[As a consumer] I want to make sure I understand, as part of my trust, that the retailer has enough information about me to satisfy my demand, but that they’re also going to treat that data ethically, not just be compliant with the law. As part of that, I know that they’re not going to sell it off to a third party across any number of other entities. It might be technically allowed because I opted in, but part of that notion of trust is being transparent about how we’re using that data. Now, we’re seeing a lot of that, particularly with the California Consumer Privacy Act that went into effect and the GDPR in Europe. These requirements exist.
What we want to make sure we can start to deliver on is developing not just the technology to be compliant, but the approaches that show a certain amount of empathy and understanding. We’ve done some interesting research on consumer surveys where we ask marketers about some of the key hallmarks or tactics they use to engage them. [They say] “we send lots of emails, and more engagement is better.” When we asked the flipside of that coin to consumers, what they’ll tell you is, I love a lot of brands. I buy regularly from them. On the other hand, my notion of love only extends as far as the next step, the offer that comes to me from another brand. If another competing product shows up when I need it, I’m going to look at that. Consumers now have access to information and they’re not going to be dependent just on you, on your brand, to tell them what they need.
One of the things we look at when we start building trust is this: I have to earn that every single time I engage. And I need to be able to demonstrate that I’m treating the data with a certain ethical approach. It’s not just putting a one-minute video up on our Facebook page or Instagram page saying “we’re here with you,” and so therefore we have empathy. Don’t just tell me, show me.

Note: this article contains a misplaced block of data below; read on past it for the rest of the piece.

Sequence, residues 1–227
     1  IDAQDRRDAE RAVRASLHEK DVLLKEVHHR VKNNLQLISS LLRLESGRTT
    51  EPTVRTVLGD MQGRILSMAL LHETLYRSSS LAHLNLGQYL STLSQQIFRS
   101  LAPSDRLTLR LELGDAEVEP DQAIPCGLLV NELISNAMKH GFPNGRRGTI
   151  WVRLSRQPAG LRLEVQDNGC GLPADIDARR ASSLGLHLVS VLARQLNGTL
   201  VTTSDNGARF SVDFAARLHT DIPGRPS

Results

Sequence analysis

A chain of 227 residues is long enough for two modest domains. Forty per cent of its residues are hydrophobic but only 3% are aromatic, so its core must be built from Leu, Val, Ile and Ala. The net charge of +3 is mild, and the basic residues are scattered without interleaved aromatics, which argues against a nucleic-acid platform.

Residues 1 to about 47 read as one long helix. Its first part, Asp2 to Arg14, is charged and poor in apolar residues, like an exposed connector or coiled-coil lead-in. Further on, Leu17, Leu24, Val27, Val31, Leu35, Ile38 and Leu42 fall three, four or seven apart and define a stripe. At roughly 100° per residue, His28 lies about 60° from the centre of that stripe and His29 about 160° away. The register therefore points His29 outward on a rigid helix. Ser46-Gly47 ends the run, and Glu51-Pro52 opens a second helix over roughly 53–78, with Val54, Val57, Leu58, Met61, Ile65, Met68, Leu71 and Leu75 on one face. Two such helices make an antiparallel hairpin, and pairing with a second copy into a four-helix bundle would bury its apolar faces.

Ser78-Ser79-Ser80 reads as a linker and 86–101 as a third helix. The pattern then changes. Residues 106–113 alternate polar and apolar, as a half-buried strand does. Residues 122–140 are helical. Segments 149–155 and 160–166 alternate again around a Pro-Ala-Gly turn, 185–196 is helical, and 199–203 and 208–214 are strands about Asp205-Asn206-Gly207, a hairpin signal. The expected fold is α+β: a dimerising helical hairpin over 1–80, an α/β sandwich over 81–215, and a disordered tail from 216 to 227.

CM: Why do you feel like AI has been such a challenge for marketers to master as a tool?
MM: So much of our marketing now can be automated. But if we take just what the AI says and it’s the most expeditious way to solve this problem, and not provide some sort of a boundary around that, we start raising some pretty interesting risks. AI is extraordinarily complex. It’s a combination of technologies that are used that aren’t easily observed. It’s a black box; you put the data in and it comes back out and [we have] no idea how we got there. Whereas if we were using some of our conventional tools, you can take these datasets and put these constraints or requirements around it and that spits out a segment that I can use to market for a campaign.
AI can discover patterns that a human with a good computer might have intuitively gotten to but it would have taken too much time. These systems can generate and process so much data so quickly that they could start to identify patterns. And if you change your messaging, now you’ve opened up a new segment that you thought wasn’t interested in your product or service.
Part of this is a level of trust. Marketers have to get comfortable with what these systems are generating… where they understand and trust that that result is something that they can actually work with. More importantly, back to the ethics issue, is this result going to be a moral and ethical decision to target these users this way? What were the datasets that were used to come to this potential of capability with this particular outcome? We can’t just rely on what the system spits out. Human oversight is particularly important. It’s a thing that’s assisting you with your massive amounts of data and identifying what you might’ve gotten to it a few years. But use this tool in that fashion to help you discover, to understand.
CM: Talk about location data’s potential for marketing and what’s hampering it.
MM: There’s a number of ways that it’s particularly useful. One of the challenges is this notion people have with location intelligence or location-based capability in real time. But you need a pretty good understanding of that set of users or those individual users you’re targeting. An old colleague described the balance point: proximity does not equal permission. Many consumers will keep location tracking off of their applications because they don’t want to be pestered.